Joint statement by Alain Juppé and Nathalie Kosciusko-Morizet
Thirteen million hectares of forest disappear each year worldwide, leading to irreversible environmental damage and threatening the way of life of human societies that are directly dependant on them. Collective actions at the local and international level (REDD+, national climate plans, etc.) are being implemented to preserve the forests of the Congo Basin, the world’s third largest. To support them, the French Government has pledged to make high-definition satellite images available free of charge in order to measure and better understand the impact of deforestation on the Congo Basin.
Alain Juppé, Ministre d’Etat and Minister of Foreign and European Affairs, and Nathalie Kosciusko-Morizet, Minister of the Environment, Sustainable Development, Transportation and Housing, welcome the concrete implementation of this project, which will add a new dimension to the preservation of forest ecosystem.
Today in Durban, Ms. Kosciusko-Morizet brought together several recipient countries, represented by François Naouyema, the Central African Republic’s Minister of Environment and Ecology; José Endundo Bononge, the Democratic Republic of Congo’s Minister of Environment, Nature Conservation and Tourism; and Henri Jombo, the Republic of Congo’s Minster of Sustainable Development, Forest Economy and the Environment, to make this new partnership official. On this occasion, representatives of Cameroon and Gabon underscored their interest in joining this initiative.
Ms. Kosciusko-Morizet stressed that “concretizing this project in Durban, on African soil, offers hope for progress in the fight against deforestation through technology transfers, notably in the countries of the Congo Basin, where France is particularly invested in the REDD+ partnership.”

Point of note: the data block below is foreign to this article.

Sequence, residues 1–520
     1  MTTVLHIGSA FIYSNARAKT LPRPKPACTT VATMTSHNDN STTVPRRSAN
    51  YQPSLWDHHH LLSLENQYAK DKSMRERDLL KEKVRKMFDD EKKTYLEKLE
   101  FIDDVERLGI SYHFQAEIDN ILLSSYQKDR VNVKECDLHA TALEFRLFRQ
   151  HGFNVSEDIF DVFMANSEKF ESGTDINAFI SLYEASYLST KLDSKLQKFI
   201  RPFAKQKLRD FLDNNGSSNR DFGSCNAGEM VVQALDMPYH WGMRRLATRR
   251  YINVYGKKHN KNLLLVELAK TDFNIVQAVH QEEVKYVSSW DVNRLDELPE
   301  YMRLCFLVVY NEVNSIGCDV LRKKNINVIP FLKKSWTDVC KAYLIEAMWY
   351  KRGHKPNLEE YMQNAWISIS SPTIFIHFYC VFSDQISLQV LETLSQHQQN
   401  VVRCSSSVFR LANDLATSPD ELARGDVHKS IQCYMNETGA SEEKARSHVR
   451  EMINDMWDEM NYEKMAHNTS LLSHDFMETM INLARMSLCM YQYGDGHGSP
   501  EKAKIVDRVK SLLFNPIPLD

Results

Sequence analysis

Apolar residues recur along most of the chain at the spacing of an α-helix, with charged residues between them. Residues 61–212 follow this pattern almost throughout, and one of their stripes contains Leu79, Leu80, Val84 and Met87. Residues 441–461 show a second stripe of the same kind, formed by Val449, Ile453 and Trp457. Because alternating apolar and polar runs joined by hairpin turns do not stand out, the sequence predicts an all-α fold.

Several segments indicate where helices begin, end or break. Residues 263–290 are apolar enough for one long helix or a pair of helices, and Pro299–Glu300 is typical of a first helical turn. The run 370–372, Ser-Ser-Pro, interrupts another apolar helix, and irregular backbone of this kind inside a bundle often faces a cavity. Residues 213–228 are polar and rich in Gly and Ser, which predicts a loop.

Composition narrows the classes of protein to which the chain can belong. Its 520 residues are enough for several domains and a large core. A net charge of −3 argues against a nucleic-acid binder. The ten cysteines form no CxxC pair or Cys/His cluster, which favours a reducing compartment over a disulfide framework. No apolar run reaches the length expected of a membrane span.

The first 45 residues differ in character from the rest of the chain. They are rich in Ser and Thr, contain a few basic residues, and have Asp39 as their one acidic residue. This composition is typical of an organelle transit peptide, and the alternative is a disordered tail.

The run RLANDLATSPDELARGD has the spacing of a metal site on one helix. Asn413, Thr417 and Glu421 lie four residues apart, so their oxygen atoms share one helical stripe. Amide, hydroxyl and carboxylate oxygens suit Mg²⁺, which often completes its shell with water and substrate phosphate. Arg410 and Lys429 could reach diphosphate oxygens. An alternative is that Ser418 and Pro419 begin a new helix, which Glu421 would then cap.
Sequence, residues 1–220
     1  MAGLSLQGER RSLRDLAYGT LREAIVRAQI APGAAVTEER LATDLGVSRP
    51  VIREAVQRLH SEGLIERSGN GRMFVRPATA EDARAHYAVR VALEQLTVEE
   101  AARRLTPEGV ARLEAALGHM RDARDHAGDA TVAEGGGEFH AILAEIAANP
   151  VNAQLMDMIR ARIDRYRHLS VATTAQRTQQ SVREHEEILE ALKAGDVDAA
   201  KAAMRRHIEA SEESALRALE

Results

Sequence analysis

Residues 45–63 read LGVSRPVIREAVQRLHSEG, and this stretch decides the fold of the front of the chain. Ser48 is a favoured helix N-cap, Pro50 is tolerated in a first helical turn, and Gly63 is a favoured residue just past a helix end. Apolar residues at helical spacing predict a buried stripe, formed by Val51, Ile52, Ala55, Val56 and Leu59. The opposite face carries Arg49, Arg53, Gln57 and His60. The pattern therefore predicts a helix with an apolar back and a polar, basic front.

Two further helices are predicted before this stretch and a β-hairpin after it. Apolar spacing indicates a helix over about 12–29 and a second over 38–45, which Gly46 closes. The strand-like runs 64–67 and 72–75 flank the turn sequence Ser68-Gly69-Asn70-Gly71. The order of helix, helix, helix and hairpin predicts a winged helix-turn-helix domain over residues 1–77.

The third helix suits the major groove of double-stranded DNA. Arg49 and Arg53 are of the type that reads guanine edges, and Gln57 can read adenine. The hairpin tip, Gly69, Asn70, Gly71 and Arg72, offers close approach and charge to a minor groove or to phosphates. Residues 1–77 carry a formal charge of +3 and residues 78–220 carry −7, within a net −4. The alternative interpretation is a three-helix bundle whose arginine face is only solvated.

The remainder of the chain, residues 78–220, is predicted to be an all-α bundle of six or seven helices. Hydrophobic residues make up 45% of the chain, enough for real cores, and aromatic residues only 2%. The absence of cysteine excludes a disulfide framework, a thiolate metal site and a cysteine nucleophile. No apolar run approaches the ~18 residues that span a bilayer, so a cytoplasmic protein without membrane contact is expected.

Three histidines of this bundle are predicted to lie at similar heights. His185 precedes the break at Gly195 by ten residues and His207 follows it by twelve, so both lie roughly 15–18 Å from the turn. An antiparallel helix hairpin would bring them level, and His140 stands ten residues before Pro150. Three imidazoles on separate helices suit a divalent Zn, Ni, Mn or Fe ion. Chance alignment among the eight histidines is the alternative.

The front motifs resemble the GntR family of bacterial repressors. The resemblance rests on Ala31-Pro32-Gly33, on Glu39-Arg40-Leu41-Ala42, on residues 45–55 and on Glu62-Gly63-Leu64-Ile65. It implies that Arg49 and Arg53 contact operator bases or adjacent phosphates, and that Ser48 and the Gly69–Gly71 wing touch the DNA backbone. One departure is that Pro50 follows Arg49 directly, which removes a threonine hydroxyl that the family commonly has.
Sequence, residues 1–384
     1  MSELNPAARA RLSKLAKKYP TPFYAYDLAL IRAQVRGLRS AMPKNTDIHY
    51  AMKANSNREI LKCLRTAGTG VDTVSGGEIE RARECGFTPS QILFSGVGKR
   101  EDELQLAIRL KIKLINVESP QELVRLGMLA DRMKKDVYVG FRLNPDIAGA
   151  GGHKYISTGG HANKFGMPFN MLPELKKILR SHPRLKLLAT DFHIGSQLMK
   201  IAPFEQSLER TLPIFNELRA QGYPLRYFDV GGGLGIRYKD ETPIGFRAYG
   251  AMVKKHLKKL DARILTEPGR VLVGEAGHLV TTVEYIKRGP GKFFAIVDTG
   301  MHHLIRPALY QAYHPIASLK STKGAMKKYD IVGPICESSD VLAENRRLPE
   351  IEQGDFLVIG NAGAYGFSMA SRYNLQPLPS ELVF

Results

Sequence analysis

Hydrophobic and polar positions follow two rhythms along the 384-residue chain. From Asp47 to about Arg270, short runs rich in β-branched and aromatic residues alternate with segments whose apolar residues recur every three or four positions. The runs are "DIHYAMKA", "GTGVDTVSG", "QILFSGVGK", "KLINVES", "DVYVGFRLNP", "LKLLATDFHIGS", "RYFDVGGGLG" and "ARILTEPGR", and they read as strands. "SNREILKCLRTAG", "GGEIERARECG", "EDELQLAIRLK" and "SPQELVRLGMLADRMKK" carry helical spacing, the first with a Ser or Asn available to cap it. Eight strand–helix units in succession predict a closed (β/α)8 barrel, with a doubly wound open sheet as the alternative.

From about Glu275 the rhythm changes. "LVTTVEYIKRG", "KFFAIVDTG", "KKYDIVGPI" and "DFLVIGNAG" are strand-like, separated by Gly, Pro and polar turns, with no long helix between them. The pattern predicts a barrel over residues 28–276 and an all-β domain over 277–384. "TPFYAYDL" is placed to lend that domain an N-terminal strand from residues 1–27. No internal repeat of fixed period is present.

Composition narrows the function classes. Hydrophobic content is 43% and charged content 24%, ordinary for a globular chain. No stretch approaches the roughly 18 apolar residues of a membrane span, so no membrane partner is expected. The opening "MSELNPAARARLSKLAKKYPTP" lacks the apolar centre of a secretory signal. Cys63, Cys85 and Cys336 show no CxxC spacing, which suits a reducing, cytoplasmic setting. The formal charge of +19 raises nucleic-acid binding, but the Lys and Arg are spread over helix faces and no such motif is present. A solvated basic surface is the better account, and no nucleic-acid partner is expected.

Thanks to an €8.5 million subsidy from the Ministry of Foreign and European Affairs, this project—announced by the French government during the 2099 Copenhagen Summit—was implemented by the French Development Agency (AFD) and the company Astrium Services, with support from a technical consortium comprising the French National Geographic Institute (IGN), the National Space Studies Center (CNES), the Development Research Institute (IRD) and the National Forestry Office (ONF).
According to Nathalie Marthe-Bismuth, general director of IGN France International, “Making this satellite data available represents an invaluable technology transfer for the authorities of the countries in question and for their operators. Support in terms of local capacity building is essential.”
For Patrick Le Roch, Astrium Services’ executive director of GEO Information, “This partnership agreement with AFD facilitates access to satellite technologies in order to preserve and sustainably manage the forests of Central Africa. We hope this innovative approach combining private sector players and official development assistance will continue in the years to come.
Complete information on the challenges of the United Nations Conference on Climate Change (COP 17) is available on the Web site of the Ministry of Sustainable Development and on France Diplomatie: